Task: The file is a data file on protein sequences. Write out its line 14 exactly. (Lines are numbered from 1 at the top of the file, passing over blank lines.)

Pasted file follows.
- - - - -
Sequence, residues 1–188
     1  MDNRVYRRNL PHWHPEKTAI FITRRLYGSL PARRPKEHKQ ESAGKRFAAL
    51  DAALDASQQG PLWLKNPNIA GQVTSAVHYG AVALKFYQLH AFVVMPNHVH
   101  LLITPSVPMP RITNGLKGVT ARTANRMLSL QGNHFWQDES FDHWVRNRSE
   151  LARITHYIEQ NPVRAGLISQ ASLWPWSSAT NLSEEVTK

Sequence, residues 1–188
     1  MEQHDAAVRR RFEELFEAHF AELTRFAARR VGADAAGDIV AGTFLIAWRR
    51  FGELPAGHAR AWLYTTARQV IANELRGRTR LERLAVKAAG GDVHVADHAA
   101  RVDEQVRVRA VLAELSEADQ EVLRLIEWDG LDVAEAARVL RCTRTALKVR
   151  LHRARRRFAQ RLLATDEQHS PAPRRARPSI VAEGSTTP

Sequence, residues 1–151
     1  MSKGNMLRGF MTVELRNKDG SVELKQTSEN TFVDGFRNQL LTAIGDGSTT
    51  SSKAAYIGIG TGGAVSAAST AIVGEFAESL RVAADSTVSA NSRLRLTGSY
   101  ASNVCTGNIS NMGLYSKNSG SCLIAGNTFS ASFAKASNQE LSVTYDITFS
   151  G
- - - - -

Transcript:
   101  ASNVCTGNIS NMGLYSKNSG SCLIAGNTFS ASFAKASNQE LSVTYDITFS